When my son first told me his head hurt after football practice, I offered my standard response: “I’m sure it’s nothing; take two Advil.” By now, I should know better. I have given this erroneous assessment at least a dozen times, preceding everything from pneumonia to bronchitis to a wicked stomach virus. I am the antithesis of those mothers who rush their children to the pediatrician at every sniffle; mine practically have to bleed out on the kitchen floor before I acknowledge they need medical attention.
Last year, my son kept insisting he had strep throat–just because his throat was sore. “You don’t even have a fever!” I scoffed. “You’re probably getting a cold.” Day after day, I sent him to school, waiting for the runny nose to kick in. It didn’t. Finally, I got so fed up hearing him complain that I brought him to the doctor, just to confirm my suspicions. She didn’t. Ten days of Amoxicillin later, I was still marveling that you could have strep without a fever. The same thing happened with my daughter and her nagging cough, which I attributed to “allergies” but the pediatrician found more consistent with “pneumonia.”
It’s not that I don’t believe my kids when they complain of symptoms–though I do think at least two of them are prone to exaggeration bordering on hypochondria, while the third is skilled at conjuring phantom illnesses at key junctures, such as right before Hebrew school. It’s more that I want them to understand that not everything can be fixed by a quick visit to the doctor. Sometimes, you just have to suffer through it. Besides, going to the pediatrician is inconvenient, and expensive. I’m reluctant to waste 45 minutes and a $20 co-pay just to have the doctor tell me, “It’s a virus.” I can misdiagnose that on my own. I’m sure there’s also denial at play: as long as we don’t go to the doctor, there can’t possibly be anything wrong. I hate when anyone in my house is sick; though I might complain about all their noise and mess and chaos, I find it deeply upsetting when one of them is curled up on the couch in a feverish little ball.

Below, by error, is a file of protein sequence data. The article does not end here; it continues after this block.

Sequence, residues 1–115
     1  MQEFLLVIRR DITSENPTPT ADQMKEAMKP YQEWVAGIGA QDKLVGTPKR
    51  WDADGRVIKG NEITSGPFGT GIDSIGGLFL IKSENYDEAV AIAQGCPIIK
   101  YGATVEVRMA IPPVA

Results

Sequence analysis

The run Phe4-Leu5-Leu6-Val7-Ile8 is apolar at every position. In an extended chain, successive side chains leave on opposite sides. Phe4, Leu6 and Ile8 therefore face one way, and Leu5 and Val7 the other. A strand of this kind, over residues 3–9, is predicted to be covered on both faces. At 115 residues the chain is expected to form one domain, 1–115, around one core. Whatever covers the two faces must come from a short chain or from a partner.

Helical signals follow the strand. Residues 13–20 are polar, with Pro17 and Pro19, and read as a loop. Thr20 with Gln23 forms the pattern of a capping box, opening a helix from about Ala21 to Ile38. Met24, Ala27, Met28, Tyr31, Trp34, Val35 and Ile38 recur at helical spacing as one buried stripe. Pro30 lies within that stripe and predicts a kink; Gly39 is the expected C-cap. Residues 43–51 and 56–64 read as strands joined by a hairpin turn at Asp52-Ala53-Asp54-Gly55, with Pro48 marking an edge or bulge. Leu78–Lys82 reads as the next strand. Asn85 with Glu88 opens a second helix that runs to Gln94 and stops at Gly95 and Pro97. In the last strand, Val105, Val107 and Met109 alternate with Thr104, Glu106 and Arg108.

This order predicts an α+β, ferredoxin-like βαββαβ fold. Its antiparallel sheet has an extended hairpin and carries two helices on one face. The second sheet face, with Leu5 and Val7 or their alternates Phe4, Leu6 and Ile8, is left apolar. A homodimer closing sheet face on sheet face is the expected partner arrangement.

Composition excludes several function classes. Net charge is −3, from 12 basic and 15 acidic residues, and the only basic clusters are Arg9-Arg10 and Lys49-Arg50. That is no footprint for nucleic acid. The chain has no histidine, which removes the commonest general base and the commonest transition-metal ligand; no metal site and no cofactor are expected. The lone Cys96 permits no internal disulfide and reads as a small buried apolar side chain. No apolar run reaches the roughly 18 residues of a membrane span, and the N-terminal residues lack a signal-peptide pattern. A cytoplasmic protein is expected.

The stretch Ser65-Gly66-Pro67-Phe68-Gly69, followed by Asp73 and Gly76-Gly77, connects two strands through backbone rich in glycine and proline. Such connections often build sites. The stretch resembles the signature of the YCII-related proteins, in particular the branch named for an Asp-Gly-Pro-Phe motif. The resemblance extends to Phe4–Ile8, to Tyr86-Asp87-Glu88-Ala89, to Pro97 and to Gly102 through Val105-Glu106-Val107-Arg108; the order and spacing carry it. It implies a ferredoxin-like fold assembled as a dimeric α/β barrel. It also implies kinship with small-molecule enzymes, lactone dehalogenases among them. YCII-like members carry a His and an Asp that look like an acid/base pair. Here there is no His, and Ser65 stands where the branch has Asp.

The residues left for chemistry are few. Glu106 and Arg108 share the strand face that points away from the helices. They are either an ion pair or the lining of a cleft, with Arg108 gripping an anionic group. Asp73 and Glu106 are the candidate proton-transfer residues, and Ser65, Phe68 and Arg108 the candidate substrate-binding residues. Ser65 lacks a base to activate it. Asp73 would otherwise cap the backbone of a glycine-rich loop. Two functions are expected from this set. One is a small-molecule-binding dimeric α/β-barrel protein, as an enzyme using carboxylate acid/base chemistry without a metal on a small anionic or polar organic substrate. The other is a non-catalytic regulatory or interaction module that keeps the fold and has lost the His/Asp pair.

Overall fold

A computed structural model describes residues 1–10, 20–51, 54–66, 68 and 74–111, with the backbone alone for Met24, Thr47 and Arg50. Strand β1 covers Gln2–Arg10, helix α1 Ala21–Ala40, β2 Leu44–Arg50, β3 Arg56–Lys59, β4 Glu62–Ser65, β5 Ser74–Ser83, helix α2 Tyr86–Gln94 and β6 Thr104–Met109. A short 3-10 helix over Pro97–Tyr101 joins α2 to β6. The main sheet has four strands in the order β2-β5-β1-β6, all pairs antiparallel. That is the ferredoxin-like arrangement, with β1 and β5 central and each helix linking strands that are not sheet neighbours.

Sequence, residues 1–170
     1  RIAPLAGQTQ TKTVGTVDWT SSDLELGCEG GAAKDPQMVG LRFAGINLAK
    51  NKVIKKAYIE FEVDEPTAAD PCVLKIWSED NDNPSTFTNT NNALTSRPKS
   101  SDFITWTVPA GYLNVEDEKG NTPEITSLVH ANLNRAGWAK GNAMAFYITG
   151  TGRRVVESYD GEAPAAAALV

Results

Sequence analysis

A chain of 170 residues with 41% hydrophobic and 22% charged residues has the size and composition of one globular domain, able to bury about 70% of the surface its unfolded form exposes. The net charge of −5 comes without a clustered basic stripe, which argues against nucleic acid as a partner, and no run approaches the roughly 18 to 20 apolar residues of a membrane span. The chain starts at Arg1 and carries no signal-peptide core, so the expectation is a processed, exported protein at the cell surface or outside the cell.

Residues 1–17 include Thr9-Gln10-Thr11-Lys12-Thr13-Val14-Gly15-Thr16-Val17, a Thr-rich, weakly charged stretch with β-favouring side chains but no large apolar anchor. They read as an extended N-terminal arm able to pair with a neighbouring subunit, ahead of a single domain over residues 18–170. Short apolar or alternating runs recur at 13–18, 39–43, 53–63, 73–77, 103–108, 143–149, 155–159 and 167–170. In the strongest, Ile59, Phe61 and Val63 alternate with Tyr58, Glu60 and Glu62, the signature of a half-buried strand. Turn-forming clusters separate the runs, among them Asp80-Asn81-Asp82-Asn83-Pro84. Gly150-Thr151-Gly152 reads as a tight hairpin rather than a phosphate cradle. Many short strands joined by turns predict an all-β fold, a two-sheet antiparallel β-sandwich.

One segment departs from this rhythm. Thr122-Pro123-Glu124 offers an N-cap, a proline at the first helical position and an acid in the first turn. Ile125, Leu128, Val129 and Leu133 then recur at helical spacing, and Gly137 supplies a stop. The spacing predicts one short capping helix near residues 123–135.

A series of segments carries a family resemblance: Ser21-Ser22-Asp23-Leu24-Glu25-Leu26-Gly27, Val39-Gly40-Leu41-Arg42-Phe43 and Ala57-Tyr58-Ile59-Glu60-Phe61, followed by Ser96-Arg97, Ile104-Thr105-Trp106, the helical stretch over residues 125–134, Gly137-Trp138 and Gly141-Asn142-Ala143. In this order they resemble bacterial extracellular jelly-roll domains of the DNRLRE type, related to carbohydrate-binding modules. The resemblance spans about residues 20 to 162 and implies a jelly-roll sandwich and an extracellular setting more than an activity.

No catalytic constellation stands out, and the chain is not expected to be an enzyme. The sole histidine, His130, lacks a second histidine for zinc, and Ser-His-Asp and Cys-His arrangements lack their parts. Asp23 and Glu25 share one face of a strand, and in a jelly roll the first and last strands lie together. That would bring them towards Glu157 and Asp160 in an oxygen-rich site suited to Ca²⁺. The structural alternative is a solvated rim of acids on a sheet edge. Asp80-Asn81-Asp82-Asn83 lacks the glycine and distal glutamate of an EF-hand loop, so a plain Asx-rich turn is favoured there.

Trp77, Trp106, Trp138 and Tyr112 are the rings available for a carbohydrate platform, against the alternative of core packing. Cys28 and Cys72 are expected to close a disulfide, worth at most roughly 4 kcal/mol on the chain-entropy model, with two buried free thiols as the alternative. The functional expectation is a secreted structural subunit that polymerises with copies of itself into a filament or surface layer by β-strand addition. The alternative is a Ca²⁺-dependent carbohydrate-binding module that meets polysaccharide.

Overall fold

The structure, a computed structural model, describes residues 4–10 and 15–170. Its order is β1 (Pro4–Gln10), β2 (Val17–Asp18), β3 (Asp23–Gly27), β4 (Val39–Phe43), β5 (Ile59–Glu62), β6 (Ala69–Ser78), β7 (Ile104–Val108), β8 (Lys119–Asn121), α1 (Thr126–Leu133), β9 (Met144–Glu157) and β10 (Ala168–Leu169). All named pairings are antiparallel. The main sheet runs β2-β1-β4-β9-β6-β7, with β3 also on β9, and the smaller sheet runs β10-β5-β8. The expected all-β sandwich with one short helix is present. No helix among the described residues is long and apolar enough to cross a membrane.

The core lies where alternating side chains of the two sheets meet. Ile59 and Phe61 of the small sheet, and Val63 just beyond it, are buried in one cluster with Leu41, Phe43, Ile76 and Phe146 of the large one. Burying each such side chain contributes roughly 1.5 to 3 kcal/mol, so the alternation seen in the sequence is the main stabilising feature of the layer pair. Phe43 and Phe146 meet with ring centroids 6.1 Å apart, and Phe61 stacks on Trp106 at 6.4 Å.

Downplaying their ailments has gotten me in trouble before. When my eldest daughter was in preschool, I noticed a little rash on her belly a few days after she’d run a low-grade fever. “Oh well, you must have had hand, foot and mouth disease,” I told her on the way to school. “But it’s not contagious anymore.” Naturally, she went in and promptly informed the teacher she had hand, foot and mouth disease, which meant I promptly had to go pick her up.
Another time, I was away on a business trip when she complained to her father of a stomach ache. Trained in my school of stoicism, he told her to “have some cottage cheese” and head off to school. Thirty minutes later, when she was in the nurse’s office about to throw up, she told the nurse that she’d felt sick that morning but “my mom made me go to school!” I wasn’t even in town and I was busted.
But I’m getting better. This time I only let my son complain about his headache for a day and a half before I grudgingly took him to the pediatrician, who quickly diagnosed a concussion. Though I know a concussion is nothing to fool with, I couldn’t help but remain somewhat skeptical: the symptoms, all entirely self-reported, include such things as “irritability” “drowsiness,” and “difficulty concentrating,” which any parent of a teenager will recognize as pretty standard even on a good day. But what really got me was the prescribed treatment: total brain rest. No homework, no reading, no activity, no chores. Not even TV, though he had trouble following that part after the first 30 minutes. I would have felt guilty for waiting so long to bring him in if I weren’t experiencing my own “Madeline” moment: Boohoo, I wish I had a concussion, too!